Sunday,24 February, 2019
Current issue | Issue 1378, (25 -31 January 2018)
Sunday,24 February, 2019
Issue 1378, (25 -31 January 2018)

Ahram Weekly

Reconnecting with Washington

Terrorism, Jerusalem and cooperation topped discussions between President Abdel-Fattah Al-Sisi and US Vice President Mike Pence, Reem Leila reports


Al-Sisi and Pence during their meeting at the presidential palace in Cairo this week   (photo: AFP)
Al-Sisi and Pence during their meeting at the presidential palace in Cairo this week (photo: AFP)

US Vice President Mike Pence finally made it to the Middle East this week on a three-leg tour which began in Cairo and ended in Israel. Pence’s visit, initially scheduled for December last year, was delayed following US President Donald Trump’s decision to recognise Jerusalem as Israel’s capital.

Meeting with Pence on Saturday, President Abdel-Fattah Al-Sisi said Egypt remained committed to the Palestinian people’s right to establish an independent state with East Jerusalem as its capital. He told Pence the Palestinian-Israeli conflict will only be resolved through negotiations based on a two-state solution and Egypt will spare no efforts to support such a solution.

According to Reuters, Pence told reporters following his meeting with Al-Sisi that the US was committed to preserving the status quo of holy sites in Jerusalem and had come to no final resolution on boundaries for the two parties. “My perception was that he was encouraged by that message,” said Pence.

Al-Sisi and Pence also addressed regional terrorism during their talks. Al-Sisi reviewed Egypt’s counter-terrorism efforts, the burdens the Egyptian people face and the sacrifices they have made.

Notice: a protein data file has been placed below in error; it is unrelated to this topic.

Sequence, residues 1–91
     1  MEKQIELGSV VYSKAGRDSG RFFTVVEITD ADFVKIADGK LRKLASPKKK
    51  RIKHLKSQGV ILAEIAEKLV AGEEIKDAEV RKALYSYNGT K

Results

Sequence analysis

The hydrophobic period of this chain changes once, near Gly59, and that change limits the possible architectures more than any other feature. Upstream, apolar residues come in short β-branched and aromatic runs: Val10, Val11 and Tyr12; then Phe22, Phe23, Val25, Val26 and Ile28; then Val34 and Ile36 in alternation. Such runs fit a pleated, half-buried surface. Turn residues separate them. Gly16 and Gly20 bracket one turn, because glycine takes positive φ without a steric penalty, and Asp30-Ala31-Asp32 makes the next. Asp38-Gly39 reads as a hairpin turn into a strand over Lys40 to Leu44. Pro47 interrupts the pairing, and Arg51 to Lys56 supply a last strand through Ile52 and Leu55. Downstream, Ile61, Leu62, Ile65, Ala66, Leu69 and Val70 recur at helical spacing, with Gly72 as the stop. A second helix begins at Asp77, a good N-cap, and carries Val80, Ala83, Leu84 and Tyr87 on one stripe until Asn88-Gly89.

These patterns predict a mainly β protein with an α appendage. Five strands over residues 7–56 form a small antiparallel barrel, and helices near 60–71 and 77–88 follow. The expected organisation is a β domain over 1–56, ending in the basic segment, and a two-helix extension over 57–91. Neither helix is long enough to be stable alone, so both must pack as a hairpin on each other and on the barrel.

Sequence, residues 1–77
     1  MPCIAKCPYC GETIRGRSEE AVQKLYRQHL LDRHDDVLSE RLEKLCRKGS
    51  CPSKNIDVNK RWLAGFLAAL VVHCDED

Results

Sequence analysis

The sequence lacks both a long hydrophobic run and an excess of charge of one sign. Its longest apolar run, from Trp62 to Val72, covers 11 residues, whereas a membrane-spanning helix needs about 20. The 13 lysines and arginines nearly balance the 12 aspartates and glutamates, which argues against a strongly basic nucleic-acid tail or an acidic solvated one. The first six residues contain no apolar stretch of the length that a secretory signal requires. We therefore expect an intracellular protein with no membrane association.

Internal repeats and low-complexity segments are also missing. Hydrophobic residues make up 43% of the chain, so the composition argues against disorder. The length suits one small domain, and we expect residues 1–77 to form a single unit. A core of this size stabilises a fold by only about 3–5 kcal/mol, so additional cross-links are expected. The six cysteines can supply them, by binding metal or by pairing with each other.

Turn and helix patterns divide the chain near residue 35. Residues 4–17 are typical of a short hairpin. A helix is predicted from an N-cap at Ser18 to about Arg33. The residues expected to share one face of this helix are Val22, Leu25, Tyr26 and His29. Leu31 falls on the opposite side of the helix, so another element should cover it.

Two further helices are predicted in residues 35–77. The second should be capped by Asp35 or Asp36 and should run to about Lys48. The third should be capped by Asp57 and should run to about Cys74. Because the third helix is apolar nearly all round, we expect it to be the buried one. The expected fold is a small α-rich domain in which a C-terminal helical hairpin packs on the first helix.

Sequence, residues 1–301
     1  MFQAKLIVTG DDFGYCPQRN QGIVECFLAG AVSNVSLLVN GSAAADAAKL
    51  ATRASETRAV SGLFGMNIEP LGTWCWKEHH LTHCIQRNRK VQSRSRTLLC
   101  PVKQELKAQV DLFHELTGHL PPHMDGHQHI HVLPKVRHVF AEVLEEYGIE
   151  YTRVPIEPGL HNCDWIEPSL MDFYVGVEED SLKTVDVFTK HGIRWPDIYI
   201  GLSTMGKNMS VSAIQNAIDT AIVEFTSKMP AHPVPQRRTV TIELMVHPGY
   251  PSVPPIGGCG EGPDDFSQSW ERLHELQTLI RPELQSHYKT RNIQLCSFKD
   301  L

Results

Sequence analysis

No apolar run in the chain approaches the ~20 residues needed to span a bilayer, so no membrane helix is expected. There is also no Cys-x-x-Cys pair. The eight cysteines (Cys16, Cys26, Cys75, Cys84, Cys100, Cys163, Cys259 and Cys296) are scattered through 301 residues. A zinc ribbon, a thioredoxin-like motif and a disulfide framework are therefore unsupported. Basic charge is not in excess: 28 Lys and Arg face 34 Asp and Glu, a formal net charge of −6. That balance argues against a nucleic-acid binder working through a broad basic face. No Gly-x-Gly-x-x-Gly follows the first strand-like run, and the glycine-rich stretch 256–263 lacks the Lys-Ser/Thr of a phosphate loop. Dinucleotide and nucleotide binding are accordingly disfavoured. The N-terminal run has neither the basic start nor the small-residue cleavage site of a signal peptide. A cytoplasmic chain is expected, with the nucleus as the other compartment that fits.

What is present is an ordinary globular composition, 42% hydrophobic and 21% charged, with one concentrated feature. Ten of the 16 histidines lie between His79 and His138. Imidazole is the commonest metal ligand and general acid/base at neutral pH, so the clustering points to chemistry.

Pence pledged US support for Egypt’s fight against terrorism.

“We stand shoulder to shoulder with you and Egypt in fighting against terrorism,” Pence told Al-Sisi, adding “our hearts grieve” for the loss of life in recent terrorist attacks against Egyptians.

Egypt has been hit by a wave of terrorist attacks since Mohamed Morsi was removed as president in 2013. In November more than 300 were killed at a mosque in North Sinai. In April 2017 twin suicide bombings left 45 dead and 120 injured at churches in Tanta and Alexandria.

Pence pointed to Trump’s efforts to strengthen ties with Egypt in his first year in office, “after a time when our countries seemed to be drifting apart”.

Relations have been strained since the US cut $100 million in economic aid and withheld $200 million in military in September 2017.

President Al-Sisi briefed Pence on Egypt’s economic reform efforts and development plans and welcomed the participation of US companies in ongoing projects.

“The US regards Egypt as a significant strategic partner in the region,” said Pence. He stressed Washington is keen to enhance cooperation with Egypt across all levels given its key role in the Middle East and the immense challenges the region is facing.

During the visit President Al-Sisi said Egypt looked forward to continuing dialogue and discussion with Washington on both the bilateral and regional levels to better enable the region to overcome the challenges it faces and promote security and stability. The strategic relations that bind Egypt and the US are based on a long history of cooperation, he added, before highlighting the significance of these relations as one of the cornerstones of stability in the Middle East. (see p.8)

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